10 years, 30%
Do type 2 diabetics require insulin to sustain life?
No, but might require it to control hyperglycemia
In type 2 DM The metabolic alterations are _____ severe in part because insulin secretion, although not adequate, does restrain ketogenesis and blunts the development of diabetic ketoacidosis
Insulin resistance is the _______ ______ of target tissues to respond
to normal circulating levels of insulin.
decreased ability
Is obesity correlative with insulin resistance?
Most people with obesity and insulin resistance do/do not become diabetic as they do not have a B cell defect.
people with insulin resistance compensate for the resistance by producing _____ insulin
more (on average 3 fold higher).
Type 2 Diabetes, does/does not develop in individuals who have insulin resistance which is accompanied by impairment of B cell function.
Insulin resistance and type 2 DM is most commonly observed in ...
the elderly, the obese, the physically inactive, or temporarily in women who are pregnant.
There is a strong correlation of Diabetes type 2 incidence and _____ BMIs
There is an inverse relationship between type 2 DM and _________
In type 2 DM Hyperglycemia results from the _________ hepatic production of glucose and the ________ ability of muscle and adipose tissue to take it up
increased, decreased
in type 2 DM, Ketosis is usually ________ or ________ due to the presence of insulin
minimal or absent
T or F, in type 2 DM As in type 1 Diabetes, both VLDLS and chylomicrons accumulate
The current pandemic of type 2 Diabetes is closely associated with ...
obesity and insulin resistance
What age is a risk factor for DM type 2?
45 or older
what BMI is a risk factor for DM type 2?
25 kg/m2 or higher (obesity)
having a ________ degree relative with DM is a risk factor for DM type 2
Habitual ________ ________ is a risk factor for DM type 2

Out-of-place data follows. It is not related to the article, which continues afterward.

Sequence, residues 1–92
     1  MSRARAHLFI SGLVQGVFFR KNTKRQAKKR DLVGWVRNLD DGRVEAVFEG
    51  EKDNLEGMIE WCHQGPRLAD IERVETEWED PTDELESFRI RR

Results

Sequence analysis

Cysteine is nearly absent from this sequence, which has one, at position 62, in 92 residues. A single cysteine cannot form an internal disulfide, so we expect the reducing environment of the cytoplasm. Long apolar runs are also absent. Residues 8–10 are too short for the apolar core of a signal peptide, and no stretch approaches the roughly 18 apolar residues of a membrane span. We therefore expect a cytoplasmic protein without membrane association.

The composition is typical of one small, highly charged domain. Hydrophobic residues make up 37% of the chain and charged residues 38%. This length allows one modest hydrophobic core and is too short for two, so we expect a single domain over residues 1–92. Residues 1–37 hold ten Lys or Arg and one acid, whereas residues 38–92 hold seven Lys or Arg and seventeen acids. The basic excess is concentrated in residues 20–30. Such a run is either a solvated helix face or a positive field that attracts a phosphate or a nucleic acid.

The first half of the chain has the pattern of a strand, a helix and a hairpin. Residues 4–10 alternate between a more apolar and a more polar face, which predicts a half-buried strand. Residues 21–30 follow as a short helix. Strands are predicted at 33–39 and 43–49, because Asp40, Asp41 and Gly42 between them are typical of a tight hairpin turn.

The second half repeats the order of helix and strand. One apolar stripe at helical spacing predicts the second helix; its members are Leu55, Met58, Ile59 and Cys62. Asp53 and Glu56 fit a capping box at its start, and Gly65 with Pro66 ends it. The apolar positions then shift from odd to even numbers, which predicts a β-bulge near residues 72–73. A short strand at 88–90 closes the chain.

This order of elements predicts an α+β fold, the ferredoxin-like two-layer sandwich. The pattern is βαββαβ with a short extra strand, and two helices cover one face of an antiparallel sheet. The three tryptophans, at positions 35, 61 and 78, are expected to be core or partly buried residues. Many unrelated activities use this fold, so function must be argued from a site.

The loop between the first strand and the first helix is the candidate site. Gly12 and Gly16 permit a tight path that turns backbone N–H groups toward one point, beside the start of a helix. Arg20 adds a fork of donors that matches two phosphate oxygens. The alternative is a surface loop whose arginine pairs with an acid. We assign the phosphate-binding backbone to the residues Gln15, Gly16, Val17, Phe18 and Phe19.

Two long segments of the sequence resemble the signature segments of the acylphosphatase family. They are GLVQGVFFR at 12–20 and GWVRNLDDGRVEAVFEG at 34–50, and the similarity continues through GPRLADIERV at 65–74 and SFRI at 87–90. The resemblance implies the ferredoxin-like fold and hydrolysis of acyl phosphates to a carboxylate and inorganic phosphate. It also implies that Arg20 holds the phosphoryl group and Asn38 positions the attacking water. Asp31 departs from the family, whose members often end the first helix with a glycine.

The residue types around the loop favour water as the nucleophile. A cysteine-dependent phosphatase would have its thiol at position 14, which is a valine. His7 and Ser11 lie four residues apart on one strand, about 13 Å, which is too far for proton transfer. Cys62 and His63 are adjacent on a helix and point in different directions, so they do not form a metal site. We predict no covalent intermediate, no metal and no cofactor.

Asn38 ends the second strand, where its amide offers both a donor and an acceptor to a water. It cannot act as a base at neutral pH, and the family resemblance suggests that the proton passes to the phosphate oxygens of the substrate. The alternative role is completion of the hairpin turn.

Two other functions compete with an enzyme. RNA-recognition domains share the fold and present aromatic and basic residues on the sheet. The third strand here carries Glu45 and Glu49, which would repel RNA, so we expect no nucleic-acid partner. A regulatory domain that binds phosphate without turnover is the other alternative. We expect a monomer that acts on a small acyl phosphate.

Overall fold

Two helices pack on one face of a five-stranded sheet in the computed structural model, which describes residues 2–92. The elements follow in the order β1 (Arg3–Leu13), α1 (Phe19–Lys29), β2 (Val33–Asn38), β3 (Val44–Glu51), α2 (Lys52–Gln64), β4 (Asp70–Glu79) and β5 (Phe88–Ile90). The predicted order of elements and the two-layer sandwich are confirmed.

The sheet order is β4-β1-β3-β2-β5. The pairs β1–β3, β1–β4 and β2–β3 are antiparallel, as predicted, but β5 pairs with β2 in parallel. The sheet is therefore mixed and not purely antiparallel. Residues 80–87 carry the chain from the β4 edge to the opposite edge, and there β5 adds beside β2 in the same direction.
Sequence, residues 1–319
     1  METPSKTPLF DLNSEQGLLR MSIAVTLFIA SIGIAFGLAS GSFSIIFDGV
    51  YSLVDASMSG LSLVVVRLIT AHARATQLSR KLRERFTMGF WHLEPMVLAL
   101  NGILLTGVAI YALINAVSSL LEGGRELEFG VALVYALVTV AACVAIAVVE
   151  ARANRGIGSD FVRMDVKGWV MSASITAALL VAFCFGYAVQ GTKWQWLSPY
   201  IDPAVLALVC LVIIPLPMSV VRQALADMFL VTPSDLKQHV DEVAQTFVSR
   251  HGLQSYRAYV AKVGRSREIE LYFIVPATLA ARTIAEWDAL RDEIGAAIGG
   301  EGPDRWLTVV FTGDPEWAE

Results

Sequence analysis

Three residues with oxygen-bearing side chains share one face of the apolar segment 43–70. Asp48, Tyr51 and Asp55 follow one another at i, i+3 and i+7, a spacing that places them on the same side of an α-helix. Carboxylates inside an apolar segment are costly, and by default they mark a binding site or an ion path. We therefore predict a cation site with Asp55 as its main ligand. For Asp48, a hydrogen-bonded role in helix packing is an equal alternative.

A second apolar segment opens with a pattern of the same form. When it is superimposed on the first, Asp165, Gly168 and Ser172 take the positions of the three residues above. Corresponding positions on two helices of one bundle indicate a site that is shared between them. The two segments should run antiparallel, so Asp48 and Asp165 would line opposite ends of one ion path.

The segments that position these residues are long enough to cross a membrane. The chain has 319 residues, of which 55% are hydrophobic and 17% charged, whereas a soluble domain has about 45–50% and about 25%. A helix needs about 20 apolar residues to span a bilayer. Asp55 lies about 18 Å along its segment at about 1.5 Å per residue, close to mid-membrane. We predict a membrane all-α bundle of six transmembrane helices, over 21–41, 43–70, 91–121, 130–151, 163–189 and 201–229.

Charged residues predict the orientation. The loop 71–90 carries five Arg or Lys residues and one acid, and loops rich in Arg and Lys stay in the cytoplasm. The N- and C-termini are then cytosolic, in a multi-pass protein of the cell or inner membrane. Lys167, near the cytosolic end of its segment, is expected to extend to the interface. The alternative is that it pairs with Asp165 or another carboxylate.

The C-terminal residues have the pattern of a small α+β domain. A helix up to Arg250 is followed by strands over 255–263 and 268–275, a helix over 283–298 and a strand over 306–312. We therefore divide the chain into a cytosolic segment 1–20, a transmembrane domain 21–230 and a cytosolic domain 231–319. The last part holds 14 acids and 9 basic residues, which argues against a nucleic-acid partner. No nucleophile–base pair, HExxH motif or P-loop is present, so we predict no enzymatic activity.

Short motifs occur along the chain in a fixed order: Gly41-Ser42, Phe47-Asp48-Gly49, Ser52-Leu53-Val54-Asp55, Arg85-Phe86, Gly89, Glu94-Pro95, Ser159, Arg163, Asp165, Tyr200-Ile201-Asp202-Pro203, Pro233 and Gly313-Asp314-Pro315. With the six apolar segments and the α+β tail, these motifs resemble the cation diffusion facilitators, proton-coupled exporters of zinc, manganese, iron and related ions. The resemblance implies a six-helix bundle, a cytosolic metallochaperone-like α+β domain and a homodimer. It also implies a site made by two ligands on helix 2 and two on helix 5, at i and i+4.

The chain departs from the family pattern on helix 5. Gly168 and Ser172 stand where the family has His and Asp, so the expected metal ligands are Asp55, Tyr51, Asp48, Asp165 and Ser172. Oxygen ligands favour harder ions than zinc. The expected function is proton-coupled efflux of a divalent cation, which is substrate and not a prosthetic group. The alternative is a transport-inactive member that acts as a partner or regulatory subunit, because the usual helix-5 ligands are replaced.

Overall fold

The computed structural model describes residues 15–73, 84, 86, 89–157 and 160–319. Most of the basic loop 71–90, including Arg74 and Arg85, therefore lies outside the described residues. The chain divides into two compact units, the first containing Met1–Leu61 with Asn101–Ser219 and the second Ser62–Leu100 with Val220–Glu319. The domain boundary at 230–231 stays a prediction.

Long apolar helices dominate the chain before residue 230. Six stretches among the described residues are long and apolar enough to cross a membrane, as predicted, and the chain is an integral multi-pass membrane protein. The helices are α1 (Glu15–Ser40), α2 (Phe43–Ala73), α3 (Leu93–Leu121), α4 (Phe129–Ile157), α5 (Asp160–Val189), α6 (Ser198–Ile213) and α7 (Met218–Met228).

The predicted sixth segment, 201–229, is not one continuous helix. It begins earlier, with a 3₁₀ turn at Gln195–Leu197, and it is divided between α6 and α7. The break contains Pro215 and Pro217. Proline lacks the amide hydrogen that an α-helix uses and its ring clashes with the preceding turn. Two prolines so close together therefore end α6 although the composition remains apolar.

physical inactivity
What are the high risk ethnic groups for DM type 2?
African-American, Latino, Native American, Asian- American, Pacific Islander
History of ______ _______ or delivery of a baby weighing > 9 lbs is a risk factor for DM type 2
gestational Diabetes
what blood pressure is a risk factor for DM type 2?
140/90 mm Hg or above (hypertensive)
What HDL level is a risk factor for type 2 DM?
35 mg/dL or below (low HDL)
What triglyceride level is risk factor for DM type 2?
250 mg/dl or higher (high triglycerides)
What ovarian disease is a risk factor for DM type 2?
polycystic ovarian disease
History of _______ disease is a risk factor for DM type 2
The risk of type 2 Diabetes greatly ________ with increasing waist circumference.
Risk of retinopathy, nephropathy and neuropath ________ with increasing HbA1C levels
As HbA1C goes up, risk of _____ from cardiovascular disease and ischemic heart disease goes up. The same trend is seen with macrovascular complications
The goal in treating type 2 diabetes is to _______ _______ ________ ________ within normal limits and to prevent the development of long term complications.
maintain blood glucose concentrations
Weight reduction, exercise and dietary modifications are usually sufficient to correct the __________.
If weight reduction, exercise and diet are not enough, _______ _______ or _______ may be required to achieve satisfactory plasma glucose levels.
other agents or insulin
1 % reduction in mean HbA1C is accompanied by a ___% reduction in risk of death related to Diabetes.
21 % (3)
1 % reduction in mean HbA1C is accompanied by a ____% reduction in risk of any Diabetes related endpoint.
14% (4)
1 % reduction in mean HbA1C is accompanied by a ___ % reduction in risk of microvascular complications.
37 % (2)
1 % reduction in mean HbA1C is accompanied by a ___% reduction in fatal and non myocardial infarction.
14 % (4)
1 % reduction in mean HbA1C is accompanied by a ___%reduction in risk of amputation or death from peripheral vascular disease.
43 % (1st mst significant)
Hyperosmolar coma Is a complication of type 2 diabetes caused by severe _______ and very ____ blood glucose levels (hyperglycaemia) without the presence of ketones.
dehydration, high
In hyperosmolar coma, The blood is concentrated with sodium, glucose, and other molecules that...
normally attract water into the bloodstream.
Causes that may lead to hyperosmolar coma are improperly managed their _____ and ____. Or an infection or illness.
medications and diet
symptoms of hyperosmolar coma
lethargy, extreme thirst, nausea, confusion, convulsions, speech impairment, loss of feeling or function of muscles, dysfunctional movement
Tx of hyperosmolar coma
plenty of intravenous fluids, insulin, potassium and sodium given as soon as possible.
High glucose ultimately results in an ______ flux through the electron transport chain.
Increased flux through ETC causes a significant increase in the voltage gradient which in turn causes...